Thursday, 13 September 2018

Piling on the pound

Before we set off from Buckby Top this morning I got talking to the owner of Evening Standard. I asked the obvious question and, yes, it is named after the London newspaper. It was built as a "concept boat" for the Ideal Home exhibition some 22 years ago, sponsored to the tune of £100,000 by the Evening Standard. At the end of the show it was given away to a lucky ticket holder. Can you imagine that? A random person, unlikely to have any boating experience or desire, suddenly handed the keys to a brand new narrowboat! Unsurprisingly the winner didn't want the boat but apparently dithered a bit over its sale. Eventually the present owner bought it at a considerable discount and is obviously still happy with it more than two decades later.

I didn't get the promised tour of the boat as the boat he was to share the locks with was leaving. Another time, perhaps.

The section of Grand Union immediately west of Norton Junction has long suffered bank erosion on the towpath side. For more than a year a rash of orange netting has prevented mooring here - but, at last, CRT has been doing something about it.

Yes, brand new piling. I bet many people can't wait to get their hooks into it.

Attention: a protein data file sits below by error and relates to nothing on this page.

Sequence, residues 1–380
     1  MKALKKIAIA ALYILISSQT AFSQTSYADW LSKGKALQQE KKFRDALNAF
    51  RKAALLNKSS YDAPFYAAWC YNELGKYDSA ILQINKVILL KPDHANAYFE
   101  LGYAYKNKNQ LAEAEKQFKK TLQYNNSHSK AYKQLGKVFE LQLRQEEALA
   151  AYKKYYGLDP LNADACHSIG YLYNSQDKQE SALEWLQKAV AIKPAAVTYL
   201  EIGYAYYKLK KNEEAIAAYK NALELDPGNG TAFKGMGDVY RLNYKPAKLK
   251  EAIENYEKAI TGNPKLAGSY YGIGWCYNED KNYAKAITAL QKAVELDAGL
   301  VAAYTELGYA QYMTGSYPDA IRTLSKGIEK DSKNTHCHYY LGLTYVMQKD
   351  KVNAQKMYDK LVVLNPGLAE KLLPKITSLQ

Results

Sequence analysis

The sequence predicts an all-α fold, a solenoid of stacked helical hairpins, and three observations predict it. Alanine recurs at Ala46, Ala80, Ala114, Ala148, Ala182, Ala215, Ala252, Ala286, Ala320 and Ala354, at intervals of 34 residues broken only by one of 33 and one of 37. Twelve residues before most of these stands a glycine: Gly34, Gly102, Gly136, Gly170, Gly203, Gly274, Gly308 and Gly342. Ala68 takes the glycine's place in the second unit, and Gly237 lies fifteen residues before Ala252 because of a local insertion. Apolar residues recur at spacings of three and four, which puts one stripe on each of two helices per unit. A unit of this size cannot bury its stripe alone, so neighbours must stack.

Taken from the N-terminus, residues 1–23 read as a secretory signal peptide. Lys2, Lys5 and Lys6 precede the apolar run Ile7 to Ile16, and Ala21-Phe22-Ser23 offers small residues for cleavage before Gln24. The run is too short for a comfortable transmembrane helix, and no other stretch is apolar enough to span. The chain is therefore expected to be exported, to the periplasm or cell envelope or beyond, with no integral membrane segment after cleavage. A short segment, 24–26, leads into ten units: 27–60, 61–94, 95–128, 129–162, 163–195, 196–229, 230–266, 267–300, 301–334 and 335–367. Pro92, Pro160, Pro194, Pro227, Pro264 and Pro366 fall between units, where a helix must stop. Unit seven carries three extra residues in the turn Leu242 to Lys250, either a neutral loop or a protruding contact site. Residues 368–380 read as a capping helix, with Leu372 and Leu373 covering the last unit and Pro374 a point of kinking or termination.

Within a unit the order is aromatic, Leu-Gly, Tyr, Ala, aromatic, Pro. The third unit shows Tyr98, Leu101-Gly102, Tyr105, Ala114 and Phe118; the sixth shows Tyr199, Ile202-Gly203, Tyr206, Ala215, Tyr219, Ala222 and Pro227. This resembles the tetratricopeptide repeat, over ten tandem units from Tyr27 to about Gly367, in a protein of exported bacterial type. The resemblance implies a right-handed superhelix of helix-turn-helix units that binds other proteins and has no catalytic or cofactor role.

There is still some back filling to do but it looks like all the difficult stuff has been done.

As we were just about to come out of Braunston Tunnel a boat entered and kept going fast. It hit us a glancing blow, the first time I have suffered contact with another boat in a tunnel for as long as I can remember.

The handrails at Lock 2 at Braunston were being repainted by a team of volunteers. One of the wheelbarrows contained essentials such as a big flask of coffee and boxes of biscuits.

The team must have been up against the clock as they asked us to wait while they painted.

Very unusually, we carried on through Braunston without stopping. We plan to meet friends in Hinckley tomorrow so we needed to get at least as far as Hillmorton. On the Oxford Canal I slowed and pulled in to the side to allow a working boat to pass unhindered. The level was a few inches down on normal which won't help deep-drafted boats. As the steerer passed not only did he not thank me for getting out of his way, he completely ignored my greeting. What did I do wrong?

Hillmorton Locks were the busiest I have known them, but we got through without much delay.

After tying up I cycled back down the A5 to get the car.


stevecarter said...

It is extremely difficult to get any response from Trevor Maggs. He's a lovely chap really, but taciturn and reserved in the extreme.

Anonymous said...

Trevor passed away a few months ago and the boat has new owners. Paula